December 25, 2015
By Bill Hohlfeld
New York, NY – On December 30, 1936, at just about 8 PM, frustrated autoworkers occupied the General Motors Fisher Body Plant Number One in Flint, Michigan. They were striking to gain recognition of their union, the United Auto Workers (UAW),and insure that it would be their sole collective bargaining agent. They also were demanding that the company stop outsourcing work to non-union plants, establish a fair minimum wage scale, a grievance system, and safer working conditions. That was a tall order for its day, and so it comes as no surprise that their action lasted for 44 days.
Originally inspired by similar strikes taking place in Europe, such as the French general strike, the sit down had been in the works for months. It began at smaller plants and then grew. First came the strike at Fisher Body in Atlanta on November 16, then a month later at GM in Kansas City on December 16 and a Fisher stamping plant in Cleveland on December 28. But the Flint plant was crucial because it housed one of only two sets of body dies that GM used to stamp out its 1937 cars. When workers seized the Flint plant, they virtually shut down the company.
The effect of the sit down strategy was two fold. On a practical level it precluded the use of replacement workers. On a philosophical level, it sent a message that the workers at the Flint plant were at least co-owners of the means of production. It was this message that sent shock waves through the corporate board rooms of depression era America.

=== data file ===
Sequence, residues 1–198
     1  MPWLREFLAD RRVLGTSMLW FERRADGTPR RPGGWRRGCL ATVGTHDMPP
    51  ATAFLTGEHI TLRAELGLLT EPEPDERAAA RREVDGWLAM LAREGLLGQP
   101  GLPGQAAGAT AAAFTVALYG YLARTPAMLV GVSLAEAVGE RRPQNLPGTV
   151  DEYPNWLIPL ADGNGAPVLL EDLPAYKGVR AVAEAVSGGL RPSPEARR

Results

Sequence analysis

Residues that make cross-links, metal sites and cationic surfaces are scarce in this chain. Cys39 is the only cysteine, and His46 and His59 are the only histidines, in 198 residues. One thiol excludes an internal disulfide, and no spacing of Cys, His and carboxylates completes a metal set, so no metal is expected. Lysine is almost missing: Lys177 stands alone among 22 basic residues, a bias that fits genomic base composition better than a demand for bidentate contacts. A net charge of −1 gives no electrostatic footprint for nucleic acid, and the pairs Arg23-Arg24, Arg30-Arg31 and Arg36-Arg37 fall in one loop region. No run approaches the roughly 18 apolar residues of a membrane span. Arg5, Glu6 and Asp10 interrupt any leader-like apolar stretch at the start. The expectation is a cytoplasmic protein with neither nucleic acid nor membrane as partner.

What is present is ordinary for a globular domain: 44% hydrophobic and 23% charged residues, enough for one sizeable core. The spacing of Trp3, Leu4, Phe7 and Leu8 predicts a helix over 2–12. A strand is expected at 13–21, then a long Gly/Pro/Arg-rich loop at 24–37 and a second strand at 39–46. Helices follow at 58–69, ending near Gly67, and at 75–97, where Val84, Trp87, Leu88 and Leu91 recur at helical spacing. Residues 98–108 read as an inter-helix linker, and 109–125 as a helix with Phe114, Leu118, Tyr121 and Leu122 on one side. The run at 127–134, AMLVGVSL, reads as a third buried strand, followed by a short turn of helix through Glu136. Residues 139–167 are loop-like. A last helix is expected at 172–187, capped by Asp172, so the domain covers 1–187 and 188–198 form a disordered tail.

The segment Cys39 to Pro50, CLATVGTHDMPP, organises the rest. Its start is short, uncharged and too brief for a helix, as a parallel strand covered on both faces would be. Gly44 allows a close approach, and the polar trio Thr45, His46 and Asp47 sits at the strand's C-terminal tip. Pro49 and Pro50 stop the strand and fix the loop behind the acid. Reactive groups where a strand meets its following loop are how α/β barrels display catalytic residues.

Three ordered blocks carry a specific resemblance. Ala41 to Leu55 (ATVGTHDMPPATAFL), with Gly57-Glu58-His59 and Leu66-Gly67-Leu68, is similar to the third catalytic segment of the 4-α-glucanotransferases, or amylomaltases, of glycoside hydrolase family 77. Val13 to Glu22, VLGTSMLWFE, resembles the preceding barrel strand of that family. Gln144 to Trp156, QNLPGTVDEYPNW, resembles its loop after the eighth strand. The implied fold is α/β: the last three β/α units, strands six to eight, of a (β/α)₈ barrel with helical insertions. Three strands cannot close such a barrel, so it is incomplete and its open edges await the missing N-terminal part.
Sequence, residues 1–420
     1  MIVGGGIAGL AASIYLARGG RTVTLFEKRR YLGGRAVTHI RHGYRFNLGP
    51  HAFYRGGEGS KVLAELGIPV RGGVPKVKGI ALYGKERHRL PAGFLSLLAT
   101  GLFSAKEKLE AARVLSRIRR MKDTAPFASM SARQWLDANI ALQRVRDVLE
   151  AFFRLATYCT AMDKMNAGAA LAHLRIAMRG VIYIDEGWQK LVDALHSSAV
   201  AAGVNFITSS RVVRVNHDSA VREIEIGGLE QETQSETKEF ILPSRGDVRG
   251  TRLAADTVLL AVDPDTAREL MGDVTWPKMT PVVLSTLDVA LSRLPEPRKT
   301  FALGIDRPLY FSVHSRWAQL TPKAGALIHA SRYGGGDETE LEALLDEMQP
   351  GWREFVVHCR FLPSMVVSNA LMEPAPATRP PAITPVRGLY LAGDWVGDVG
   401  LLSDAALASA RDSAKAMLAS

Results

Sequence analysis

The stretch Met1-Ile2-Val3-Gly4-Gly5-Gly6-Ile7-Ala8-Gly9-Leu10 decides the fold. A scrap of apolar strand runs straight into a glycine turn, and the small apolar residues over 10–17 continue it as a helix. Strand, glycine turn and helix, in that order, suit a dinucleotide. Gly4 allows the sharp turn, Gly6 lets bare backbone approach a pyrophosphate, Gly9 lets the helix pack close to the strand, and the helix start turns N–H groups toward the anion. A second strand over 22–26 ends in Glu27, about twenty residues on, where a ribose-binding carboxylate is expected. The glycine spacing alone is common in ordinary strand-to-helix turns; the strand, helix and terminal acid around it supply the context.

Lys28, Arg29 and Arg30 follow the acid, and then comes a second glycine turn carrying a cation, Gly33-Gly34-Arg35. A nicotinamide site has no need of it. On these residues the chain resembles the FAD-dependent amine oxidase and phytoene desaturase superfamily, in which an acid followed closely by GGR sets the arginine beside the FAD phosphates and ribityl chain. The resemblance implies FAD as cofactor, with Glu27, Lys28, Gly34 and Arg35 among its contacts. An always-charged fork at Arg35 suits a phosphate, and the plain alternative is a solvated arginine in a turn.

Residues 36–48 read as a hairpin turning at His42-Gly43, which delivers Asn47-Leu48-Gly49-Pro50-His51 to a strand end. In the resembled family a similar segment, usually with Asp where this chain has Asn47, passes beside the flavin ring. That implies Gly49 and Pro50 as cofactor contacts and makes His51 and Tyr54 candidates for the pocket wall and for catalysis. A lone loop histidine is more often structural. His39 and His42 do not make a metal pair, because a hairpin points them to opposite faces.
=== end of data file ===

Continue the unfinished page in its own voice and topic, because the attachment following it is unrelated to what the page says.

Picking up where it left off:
GM immediately got a court order demanding their evacuation. It went unheeded. GM then turned off the heat in the buildings. This too was ignored. By January 11, the police had been ordered to cut off the strikers’ food supply. This maneuver resulted in rioting, during which 16 workers and 11 policemen were injured. The skirmish came to be known as the “Battle of the Running Bulls,” and by the time it ended, the UAW had taken over the adjacent Fisher Two plant. The strike continued to spread, and on February 1, the UAW took control of the Chevrolet No. 4 engine factory. GM’s output was plummeting. A mere 125 cars would roll off the assembly line in February, as opposed to the 50,000 which had been produced in December. GM was beginning to feel the economic pinch nearly as smartly as the strikers.
Uncharacteristically for its time, Frank Murphy, the governor of Michigan refused to authorize the National Guard to break the strike. Much to GM’s dismay he commented: “If I send those soldiers right in on the men, there’d be no telling how many would be killed… the state authorities will not take sides. They are here only to protect the public peace.”
With President Roosevelt standing squarely and publicly on the side of labor, it would put to the test the National Labor Relations Act, which he had signed into law barely a year earlier. The act states: “Experience has proved that protection by law of the right of employees to organize and bargain collectively safeguards commerce from injury, impairment, or interruption, and promotes the flow of commerce by removing certain recognized sources of industrial strife and unrest, by encouraging practices fundamental to the friendly adjustment of industrial disputes arising out of differences as to wages, hours, or other working conditions, and by restoring equality of bargaining power between employers and employees.”
GM capitulated and agreed to recognize the union, and signed an agreement with the UAW. Workers received a 5 percent raise, but more importantly, they had, as a condition of their